A new study warns infection with high-risk human papillomavirus (HPV) strains can significantly increase the risk of heart disease.
Smoking, high cholesterol, high blood pressure, physical inactivity, poor diet, obesity and diabetes are known contributing factors of the disease. However, researchers want to further explore other potential contributors that are not yet known.
Researchers from Kangbuk Samsung Hospital in South Korea have recently discovered human papillomavirus or HPV, the most common sexually transmitted disease could be a hidden risk factor. Women with high-risk HPV were 22 per cent more likely than uninfected women to develop cardiovascular disease, according to the results.
"A better understanding of high-risk HPV as a risk factor for cardiovascular disease and possible combined effects of high-risk HPV, obesity and metabolic syndrome in increasing cardiovascular disease risk may help improve preventive strategies and patient outcomes," Seungho Ryu, a professor at Kangbuk Samsung Hospital, told a news portal. Adding, "Further studies are required to identify specific high-risk HPV genotypes that may contribute to cardiovascular disease and to examine whether vaccine strategies to reduce high-risk HPV infection for cancer prevention may also help reduce cardiovascular disease."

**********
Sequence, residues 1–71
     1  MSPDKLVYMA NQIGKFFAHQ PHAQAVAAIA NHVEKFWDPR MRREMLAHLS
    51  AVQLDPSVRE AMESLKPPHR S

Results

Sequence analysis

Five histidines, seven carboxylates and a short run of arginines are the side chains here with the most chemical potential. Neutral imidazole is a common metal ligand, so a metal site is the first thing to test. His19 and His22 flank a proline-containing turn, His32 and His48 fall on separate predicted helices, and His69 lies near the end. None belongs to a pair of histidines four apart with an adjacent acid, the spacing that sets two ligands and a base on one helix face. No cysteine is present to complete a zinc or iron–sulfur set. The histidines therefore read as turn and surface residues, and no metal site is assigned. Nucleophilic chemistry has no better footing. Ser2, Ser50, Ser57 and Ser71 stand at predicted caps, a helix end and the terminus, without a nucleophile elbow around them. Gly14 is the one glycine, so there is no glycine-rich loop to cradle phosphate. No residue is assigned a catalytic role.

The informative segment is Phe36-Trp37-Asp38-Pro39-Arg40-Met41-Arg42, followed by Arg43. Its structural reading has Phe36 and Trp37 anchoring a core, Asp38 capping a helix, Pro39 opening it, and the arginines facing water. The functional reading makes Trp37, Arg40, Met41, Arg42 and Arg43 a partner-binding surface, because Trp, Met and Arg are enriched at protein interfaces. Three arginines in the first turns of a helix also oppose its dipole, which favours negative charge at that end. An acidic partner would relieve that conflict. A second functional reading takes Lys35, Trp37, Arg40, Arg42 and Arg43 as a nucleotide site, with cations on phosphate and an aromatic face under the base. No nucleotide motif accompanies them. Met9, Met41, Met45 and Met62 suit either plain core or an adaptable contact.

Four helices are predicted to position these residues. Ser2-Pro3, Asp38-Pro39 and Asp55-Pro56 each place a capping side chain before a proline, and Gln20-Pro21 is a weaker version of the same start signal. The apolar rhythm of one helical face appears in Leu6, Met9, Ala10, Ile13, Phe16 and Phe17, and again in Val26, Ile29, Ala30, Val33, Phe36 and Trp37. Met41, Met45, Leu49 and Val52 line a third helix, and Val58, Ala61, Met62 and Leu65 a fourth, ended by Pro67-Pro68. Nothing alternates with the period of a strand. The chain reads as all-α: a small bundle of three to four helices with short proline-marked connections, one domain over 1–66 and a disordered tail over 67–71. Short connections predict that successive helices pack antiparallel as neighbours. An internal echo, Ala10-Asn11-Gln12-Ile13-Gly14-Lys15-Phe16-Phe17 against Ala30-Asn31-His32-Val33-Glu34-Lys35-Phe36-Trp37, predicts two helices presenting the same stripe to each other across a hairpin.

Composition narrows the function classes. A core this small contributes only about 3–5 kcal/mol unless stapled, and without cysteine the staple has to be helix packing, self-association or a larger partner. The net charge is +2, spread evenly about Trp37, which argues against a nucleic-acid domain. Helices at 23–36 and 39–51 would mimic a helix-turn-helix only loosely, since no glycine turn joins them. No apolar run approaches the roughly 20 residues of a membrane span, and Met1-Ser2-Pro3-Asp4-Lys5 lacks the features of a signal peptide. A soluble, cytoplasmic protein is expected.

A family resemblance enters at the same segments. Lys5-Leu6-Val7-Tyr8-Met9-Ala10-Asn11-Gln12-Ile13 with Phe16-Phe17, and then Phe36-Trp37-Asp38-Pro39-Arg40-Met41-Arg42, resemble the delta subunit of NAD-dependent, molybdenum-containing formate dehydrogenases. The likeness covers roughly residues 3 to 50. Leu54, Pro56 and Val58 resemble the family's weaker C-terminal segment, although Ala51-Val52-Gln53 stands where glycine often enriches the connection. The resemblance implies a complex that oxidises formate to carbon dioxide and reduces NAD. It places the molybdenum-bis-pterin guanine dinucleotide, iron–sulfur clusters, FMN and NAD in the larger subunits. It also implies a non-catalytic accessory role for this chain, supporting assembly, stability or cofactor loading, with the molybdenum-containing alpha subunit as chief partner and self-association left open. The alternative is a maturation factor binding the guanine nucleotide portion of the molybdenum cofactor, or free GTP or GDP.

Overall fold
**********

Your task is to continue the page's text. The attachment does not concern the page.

Previous research has already found that certain strains of HPV can increase the risk of cervical and throat cancer.